Five-time Olympic gold and 15-time world gold medalist Katie Ledecky is prepping for the Tokyo 2020 Games the best way she knows how: by getting in the water. From now until the Olympic trials in Omaha, NE, this coming June, she'll have competitions about once a month, and her weekly training will consist of 10 swim practices and three weight-training sessions, she told POPSUGAR over the phone during the Team Visa Summit (she's officially on the Team Visa roster alongside greats like Simone Biles, Megan Rapinoe, and more).
Katie made her Olympic debut as a 15-year-old at the London 2012 Games, where she clinched gold in the 800-meter freestyle. Four years later, she left Rio 2016 the most decorated female athlete of the Games, having won gold in the 200-meter, 400-meter, 800-meter, and 4x200-meter freestyles and silver in the 4x100-meter freestyle. This time around, the only thing Katie will be changing strategy-wise is adding more distance to her regimen.
"The 1,500 freestyle is now an Olympic event, and that's one of my best events, so that just means I'll be able to swim that in the Olympics hopefully," said Katie, who has beat the world record in the 1,500 meter six times so far. "I'm continuing to do my distance training as well as my training for the middistance races, so it's just a big range of events that I'm hoping to compete in at the Olympics."
Katie, now 22, told us, "I think having such a great experience in 2012 and being able to learn from all the veterans and really learning how to feel comfortable at that level prepared me for 2016, and now, moving forward to 2020, I feel like I'm a little more of a veteran on the team since I've had the experiences that I've had competing internationally. I hope that I can help out some of the younger swimmers or the first-time Olympians along their journey."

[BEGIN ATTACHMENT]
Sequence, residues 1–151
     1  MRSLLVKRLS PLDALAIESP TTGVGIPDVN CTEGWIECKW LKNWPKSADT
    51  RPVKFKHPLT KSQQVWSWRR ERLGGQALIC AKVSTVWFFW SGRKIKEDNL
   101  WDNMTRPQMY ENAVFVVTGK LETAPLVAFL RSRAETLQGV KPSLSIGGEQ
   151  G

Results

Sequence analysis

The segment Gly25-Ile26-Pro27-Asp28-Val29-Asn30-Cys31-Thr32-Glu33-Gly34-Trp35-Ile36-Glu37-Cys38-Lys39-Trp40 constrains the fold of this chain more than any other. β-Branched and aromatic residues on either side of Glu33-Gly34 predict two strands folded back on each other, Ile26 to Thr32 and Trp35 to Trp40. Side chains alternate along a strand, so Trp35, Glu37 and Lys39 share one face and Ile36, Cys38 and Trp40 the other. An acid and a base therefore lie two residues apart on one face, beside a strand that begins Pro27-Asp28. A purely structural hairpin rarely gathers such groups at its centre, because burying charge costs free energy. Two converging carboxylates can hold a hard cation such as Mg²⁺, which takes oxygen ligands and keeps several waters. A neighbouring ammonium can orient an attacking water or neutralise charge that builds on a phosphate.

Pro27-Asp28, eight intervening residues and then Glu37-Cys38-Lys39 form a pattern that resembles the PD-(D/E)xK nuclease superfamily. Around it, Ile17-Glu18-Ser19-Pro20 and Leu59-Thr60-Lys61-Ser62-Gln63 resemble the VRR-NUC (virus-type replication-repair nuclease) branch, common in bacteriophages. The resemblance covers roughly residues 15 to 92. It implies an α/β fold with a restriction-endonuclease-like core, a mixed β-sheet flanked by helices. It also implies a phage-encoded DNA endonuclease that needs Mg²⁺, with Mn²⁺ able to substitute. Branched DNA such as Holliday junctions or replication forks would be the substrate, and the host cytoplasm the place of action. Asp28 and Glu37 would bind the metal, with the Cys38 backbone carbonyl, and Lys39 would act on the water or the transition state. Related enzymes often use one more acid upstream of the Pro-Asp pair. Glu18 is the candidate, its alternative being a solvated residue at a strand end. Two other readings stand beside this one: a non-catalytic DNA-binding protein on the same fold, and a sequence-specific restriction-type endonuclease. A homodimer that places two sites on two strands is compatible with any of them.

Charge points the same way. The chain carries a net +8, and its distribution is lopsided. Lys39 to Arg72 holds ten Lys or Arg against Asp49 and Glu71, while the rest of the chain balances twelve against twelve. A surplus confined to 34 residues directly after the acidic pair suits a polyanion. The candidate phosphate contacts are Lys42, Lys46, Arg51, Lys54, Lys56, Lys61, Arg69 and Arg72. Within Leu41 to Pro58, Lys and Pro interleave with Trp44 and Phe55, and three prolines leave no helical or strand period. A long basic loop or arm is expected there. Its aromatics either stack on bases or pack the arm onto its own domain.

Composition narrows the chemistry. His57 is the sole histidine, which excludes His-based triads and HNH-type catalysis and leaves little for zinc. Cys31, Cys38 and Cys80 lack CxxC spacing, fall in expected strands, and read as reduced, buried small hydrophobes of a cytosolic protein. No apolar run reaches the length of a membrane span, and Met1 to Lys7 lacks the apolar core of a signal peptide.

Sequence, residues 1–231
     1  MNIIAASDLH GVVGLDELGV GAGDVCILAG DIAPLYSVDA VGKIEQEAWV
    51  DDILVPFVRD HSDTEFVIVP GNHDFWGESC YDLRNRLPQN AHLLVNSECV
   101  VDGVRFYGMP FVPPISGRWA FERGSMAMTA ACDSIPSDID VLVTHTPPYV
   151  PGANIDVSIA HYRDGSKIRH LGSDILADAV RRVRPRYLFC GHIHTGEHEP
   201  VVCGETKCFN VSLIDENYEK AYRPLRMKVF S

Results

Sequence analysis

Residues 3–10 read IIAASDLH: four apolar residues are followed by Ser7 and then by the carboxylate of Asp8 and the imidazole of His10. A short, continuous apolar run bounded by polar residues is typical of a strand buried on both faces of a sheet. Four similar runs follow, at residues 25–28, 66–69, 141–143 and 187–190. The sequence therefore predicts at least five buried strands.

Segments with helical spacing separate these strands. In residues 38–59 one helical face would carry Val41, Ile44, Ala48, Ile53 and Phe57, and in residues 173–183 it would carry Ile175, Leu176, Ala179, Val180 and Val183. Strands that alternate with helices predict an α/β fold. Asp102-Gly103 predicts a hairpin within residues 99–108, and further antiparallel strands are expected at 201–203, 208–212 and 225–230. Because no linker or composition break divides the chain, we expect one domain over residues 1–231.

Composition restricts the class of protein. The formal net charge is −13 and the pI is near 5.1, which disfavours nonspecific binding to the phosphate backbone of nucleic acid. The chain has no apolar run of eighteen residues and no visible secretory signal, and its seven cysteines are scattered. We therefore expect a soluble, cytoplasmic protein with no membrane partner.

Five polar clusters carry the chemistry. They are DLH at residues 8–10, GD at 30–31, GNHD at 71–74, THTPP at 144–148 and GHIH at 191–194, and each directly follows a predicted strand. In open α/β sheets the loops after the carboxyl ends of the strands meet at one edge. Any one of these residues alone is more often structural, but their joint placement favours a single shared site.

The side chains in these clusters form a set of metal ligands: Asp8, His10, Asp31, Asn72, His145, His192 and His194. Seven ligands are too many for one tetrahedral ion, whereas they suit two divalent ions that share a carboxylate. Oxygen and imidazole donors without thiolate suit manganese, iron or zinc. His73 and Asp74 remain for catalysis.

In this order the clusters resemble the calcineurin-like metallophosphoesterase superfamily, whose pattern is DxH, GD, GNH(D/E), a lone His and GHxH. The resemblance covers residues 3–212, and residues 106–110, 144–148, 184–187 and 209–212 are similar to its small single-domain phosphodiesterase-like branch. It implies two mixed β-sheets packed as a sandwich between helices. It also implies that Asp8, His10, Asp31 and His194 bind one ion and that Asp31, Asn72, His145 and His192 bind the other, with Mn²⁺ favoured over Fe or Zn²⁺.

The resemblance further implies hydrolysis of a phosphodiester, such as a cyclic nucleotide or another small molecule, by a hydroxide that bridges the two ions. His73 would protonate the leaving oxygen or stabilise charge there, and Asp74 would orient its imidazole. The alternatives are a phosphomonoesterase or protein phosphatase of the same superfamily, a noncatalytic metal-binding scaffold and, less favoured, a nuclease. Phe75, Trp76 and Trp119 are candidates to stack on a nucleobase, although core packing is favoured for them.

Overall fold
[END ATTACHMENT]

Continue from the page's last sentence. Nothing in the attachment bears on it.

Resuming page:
The Olympics, Katie said, are such a unique experience "where all of these athletes from different countries at the top of their sports are together in this village for a week or two weeks." She advises newcomers to embrace that experience and take everything in. For swimmers specifically, she wants them to remember that they've made it to the world stage for a reason and the logistics of the events haven't changed. "It's the same pool, it's the same length, it's the same distance that you've competed in, and once you're on Team USA at the Olympics for swimming, you've already gotten through our Olympic trials, which are very difficult and a high-pressure situation. So you're prepared once you've made it to the Olympics."
Before major competitions, Katie said she likes to get to the pool early and "stick to the basics" with what she's eating. She tries to keep a good balance of protein and carbs, and leading up to a final race, she'll have a peanut butter and jelly sandwich or some plain pasta with olive oil and parmesan cheese — "just something that won't upset my stomach . . . especially when I'm competing in foreign countries," she said.
Katie didn't mention any pump-up playlists, but when asked if there are any songs she'd choose to swim to during her races, she said, "I would probably have to pick some sort of song that, if I could get it underwater, works to the beat of my stroke." She laughed, then added, "I'd have to spend a lot of time figuring that out to get it down just right."